Is This Really You? An Empirical Study on Risk-Based Authentication Applied in the Wild
Authors: Stephan Wiefling, Luigi Lo Iacono, Markus Dürmuth

Date: June 2019
Publication: 34th International Conference on ICT Systems Security and Privacy Protection (SEC 2019)
Source 1:

Abstract or Summary:
Risk-based authentication (RBA) is an adaptive security measure to strengthen password-based authentication. RBA monitors and records additional implicit features during password entry such as device or geolocation information, and requests additional authentication factors for confirming the claimed identity if a certain risk level is detected. RBA is recommended by the NIST digital identity guidelines, is used by several large online services, and offers protection against security risks such as password database leaks, credential stuffing, insecure pass-words and large-scale guessing attacks. It also compensates low adoption rates of two-factor authentication. Despite its relevance, the procedures used by RBA-instrumented online services are currently not disclosed. Consequently, there is little scientific research about RBA, slowing down progress and deeper understanding, making it harder for end users to understand the security provided by the services they use and trust, and hindering the widespread adoption of RBA.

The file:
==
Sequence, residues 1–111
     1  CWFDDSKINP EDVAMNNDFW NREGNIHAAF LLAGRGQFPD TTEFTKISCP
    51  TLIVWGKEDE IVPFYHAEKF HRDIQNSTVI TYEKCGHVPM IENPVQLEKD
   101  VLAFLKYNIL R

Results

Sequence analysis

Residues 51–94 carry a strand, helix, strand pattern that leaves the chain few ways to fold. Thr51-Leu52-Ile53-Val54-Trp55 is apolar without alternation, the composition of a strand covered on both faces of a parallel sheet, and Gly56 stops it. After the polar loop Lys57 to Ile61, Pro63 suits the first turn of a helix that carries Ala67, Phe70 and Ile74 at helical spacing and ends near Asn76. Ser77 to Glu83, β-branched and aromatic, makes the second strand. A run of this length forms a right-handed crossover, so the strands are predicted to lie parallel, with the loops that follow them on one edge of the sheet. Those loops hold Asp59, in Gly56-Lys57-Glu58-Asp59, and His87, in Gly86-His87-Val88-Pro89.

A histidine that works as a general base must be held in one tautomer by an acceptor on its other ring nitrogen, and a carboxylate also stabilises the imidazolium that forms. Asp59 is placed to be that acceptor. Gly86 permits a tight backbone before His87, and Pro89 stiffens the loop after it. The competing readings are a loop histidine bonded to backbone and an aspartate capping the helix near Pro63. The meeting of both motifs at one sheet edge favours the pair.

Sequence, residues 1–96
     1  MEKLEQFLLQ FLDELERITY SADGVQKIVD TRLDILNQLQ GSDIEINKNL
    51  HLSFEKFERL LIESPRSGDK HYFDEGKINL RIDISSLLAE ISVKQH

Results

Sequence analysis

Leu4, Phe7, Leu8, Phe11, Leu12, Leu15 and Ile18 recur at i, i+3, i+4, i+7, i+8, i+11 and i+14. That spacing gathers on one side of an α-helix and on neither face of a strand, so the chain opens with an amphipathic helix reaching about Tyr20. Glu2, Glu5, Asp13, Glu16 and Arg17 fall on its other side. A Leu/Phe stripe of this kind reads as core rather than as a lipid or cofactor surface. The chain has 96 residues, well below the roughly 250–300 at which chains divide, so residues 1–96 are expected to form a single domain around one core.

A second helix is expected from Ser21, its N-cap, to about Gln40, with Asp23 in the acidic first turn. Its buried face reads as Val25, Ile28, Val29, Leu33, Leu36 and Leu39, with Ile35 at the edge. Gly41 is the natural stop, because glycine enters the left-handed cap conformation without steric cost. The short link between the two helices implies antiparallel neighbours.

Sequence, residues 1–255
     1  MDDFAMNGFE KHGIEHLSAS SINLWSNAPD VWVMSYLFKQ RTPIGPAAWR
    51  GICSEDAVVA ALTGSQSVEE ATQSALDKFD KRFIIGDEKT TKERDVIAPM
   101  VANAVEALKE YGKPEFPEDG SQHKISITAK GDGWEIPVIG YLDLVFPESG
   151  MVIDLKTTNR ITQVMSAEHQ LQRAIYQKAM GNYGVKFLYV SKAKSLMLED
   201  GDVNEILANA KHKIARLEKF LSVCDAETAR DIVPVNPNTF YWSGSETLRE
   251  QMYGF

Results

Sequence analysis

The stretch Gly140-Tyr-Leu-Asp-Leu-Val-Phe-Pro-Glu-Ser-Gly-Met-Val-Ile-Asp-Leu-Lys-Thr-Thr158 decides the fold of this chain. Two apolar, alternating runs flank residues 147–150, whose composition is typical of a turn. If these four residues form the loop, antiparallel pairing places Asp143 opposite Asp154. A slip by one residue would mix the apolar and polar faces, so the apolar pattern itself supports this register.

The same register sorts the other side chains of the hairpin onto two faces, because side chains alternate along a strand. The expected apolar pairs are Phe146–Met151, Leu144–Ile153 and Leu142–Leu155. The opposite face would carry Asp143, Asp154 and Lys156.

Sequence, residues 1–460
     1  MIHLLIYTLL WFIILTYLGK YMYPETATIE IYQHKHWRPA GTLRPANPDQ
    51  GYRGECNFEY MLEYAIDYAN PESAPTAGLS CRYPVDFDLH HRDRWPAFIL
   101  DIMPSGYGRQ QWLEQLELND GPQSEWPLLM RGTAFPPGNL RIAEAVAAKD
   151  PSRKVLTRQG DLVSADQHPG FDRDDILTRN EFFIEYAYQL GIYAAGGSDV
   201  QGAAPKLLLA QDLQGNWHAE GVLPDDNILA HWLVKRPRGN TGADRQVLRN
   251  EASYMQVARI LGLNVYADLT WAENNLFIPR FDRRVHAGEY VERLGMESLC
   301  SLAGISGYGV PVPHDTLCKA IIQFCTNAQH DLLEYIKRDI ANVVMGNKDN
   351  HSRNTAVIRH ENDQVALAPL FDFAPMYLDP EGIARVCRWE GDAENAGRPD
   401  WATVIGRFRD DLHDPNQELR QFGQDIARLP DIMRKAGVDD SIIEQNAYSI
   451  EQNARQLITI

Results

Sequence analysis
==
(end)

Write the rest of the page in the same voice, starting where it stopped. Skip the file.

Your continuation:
In this paper, with a series of studies on eight popular online services, we (i) analyze which features and combinations/classifiers are used and are useful in practical instances, (ii) develop a framework and a methodology to measure RBA in the wild, and (iii) survey and discuss the differences in the user interface for RBA. Following this, our work provides a first deeper understanding of practical RBA deployments and helps fostering further research in this direction. Note: Project page:

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